His wife affirms Dr. Eddy’s commitment.
“We have been together for 28 years, and we have a good marriage,” she says. ‘‘But he is on call 24/7, and medicine always comes first. Then there’s us.”
But Dr. Eddy’s not just a nose-to-the-grindstone type of guy—he and Sandra do relax together. Along with his nightly after-work gin and tonic and an annual week’s trip to Las Vegas, they enjoy outings to the local casino, golf, dinners with friends, and frequent visits from three grandchildren.
“I enjoy the variety in my career as a physician and the quality of my life,” he concludes.
The New Hospitalist
Becoming a hospitalist seemed a logical step for Dr. Eddy when he opted to leave full-time office practice in 1999. Brantford General Hospital, where he had admitting privileges, covered a catchment area of 80,000 people.
When the only two other hospitals in the area were closed, Brantford General was overwhelmed. Adding to the systemic distress, 80% of community doctors had given up their hospital privileges. Hospitalists were urgently needed to pick up the slack. Dr. Eddy went for it.
In Canada, hospital throughput isn’t a priority. The system lacks enough sub-acute and rehab beds to discharge patients from hospitals in a timely fashion, leaving patients hospitalized longer compared with similar care in the United States. The average length of stay for heart failure is 6.1 days in the U.S. versus 8.5 days in Canada; for aortic aneurysm repair it’s seven days (U.S.) versus nine days (Canada), according to the Journal of Cardiology.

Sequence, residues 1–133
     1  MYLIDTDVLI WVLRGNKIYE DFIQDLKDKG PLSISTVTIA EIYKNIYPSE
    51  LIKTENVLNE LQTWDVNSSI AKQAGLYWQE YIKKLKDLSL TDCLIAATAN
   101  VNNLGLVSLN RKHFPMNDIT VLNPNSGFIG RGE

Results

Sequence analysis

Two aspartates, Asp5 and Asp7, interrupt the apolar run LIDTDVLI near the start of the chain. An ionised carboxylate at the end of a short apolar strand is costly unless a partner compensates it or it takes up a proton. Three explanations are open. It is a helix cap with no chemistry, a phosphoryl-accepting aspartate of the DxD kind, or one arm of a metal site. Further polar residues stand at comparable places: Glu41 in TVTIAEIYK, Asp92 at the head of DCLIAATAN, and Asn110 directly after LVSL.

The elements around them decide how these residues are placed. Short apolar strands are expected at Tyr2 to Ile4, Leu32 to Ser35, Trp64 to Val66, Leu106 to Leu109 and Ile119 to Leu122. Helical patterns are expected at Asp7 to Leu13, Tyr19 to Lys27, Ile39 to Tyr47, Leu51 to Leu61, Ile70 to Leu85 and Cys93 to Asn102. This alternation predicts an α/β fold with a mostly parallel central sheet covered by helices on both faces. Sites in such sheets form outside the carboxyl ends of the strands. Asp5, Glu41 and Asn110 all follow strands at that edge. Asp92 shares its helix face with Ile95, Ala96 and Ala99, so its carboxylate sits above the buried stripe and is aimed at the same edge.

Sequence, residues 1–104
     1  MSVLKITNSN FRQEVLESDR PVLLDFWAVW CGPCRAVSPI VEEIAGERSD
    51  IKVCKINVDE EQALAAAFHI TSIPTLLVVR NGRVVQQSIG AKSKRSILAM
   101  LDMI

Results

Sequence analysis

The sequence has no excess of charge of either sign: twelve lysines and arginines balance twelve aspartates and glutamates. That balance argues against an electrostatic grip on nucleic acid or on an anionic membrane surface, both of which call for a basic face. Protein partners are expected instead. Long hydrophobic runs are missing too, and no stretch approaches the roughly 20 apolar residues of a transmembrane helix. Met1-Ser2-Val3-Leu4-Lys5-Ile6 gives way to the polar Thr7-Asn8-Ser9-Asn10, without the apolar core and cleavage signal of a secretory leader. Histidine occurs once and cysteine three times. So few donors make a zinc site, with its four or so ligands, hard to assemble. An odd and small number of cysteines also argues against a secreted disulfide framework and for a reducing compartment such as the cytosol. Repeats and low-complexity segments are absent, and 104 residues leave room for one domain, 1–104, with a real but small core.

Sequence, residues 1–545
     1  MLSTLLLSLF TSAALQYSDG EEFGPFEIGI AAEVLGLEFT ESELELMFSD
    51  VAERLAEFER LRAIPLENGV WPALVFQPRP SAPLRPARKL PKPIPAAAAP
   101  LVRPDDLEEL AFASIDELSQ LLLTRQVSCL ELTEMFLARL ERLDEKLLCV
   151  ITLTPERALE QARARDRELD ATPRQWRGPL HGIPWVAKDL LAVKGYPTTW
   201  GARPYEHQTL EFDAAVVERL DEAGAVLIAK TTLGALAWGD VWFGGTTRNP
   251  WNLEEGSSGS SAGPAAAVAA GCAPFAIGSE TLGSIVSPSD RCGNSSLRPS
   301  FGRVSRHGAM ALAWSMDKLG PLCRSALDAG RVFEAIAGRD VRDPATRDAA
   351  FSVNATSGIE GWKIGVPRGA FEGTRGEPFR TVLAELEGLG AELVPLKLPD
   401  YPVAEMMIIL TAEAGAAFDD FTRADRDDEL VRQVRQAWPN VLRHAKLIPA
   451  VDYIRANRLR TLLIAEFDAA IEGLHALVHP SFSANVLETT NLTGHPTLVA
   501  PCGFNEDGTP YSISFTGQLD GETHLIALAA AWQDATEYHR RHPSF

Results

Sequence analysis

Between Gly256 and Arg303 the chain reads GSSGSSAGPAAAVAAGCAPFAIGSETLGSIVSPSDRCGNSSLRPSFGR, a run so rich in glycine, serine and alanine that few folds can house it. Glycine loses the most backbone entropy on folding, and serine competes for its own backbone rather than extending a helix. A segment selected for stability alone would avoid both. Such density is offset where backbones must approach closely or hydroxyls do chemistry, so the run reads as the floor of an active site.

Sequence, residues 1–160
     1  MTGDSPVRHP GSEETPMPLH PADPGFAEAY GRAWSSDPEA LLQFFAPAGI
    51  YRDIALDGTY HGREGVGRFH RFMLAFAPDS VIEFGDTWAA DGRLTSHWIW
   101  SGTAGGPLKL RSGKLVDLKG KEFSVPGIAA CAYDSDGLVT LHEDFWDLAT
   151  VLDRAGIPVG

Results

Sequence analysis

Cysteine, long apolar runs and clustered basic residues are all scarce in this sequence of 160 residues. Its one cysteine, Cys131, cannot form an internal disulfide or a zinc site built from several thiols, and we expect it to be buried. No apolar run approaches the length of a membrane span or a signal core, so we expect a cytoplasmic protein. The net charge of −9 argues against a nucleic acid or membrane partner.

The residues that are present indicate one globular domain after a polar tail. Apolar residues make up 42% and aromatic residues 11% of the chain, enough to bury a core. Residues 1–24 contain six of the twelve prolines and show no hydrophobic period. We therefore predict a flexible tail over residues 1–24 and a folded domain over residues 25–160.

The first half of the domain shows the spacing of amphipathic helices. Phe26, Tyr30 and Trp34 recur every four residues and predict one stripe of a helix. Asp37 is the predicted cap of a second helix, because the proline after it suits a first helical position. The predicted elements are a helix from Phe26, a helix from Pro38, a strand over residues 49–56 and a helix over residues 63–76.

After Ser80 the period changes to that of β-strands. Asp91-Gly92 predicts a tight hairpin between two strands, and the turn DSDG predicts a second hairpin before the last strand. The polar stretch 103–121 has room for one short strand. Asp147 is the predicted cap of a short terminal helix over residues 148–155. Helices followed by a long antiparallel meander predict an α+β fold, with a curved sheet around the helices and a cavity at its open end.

Those bottlenecks lead to hospitalized patients ready for a less acute level of care occupying beds needed for acute patients. For example, patients wait months for knee replacement surgery, then spend three to four weeks on the rehab ward in the hospital. A step-down facility would probably be ideal but doesn’t exist. “There are people lying in the ER overnight, people who need to be in palliative care units who are in acute care beds,” Dr. Eddy notes. “It is very tough.”
As a family physician, Dr. Eddy favored a hospitalist career because he would have the time to do a general assessment—a whole-patient, complete check-up. He doesn’t admit patients or work in the ED (“Not my forte; I’m not looking for more stress,” he says), but works on the general medical units.
According to Dr. Legere, the septuagenarian physician works approximately 75% of full-time hospitalist hours. He puts in at least 40 weeks a year and covers at least 10 weekends for the hospitalist service.
Hospitalist Larry Kramer, MD, who has worked side by side with Dr. Eddy since 2002, calls him a compassionate, sensitive physician attuned to the small kindnesses patients and family appreciate, such as remembering everyone’s name.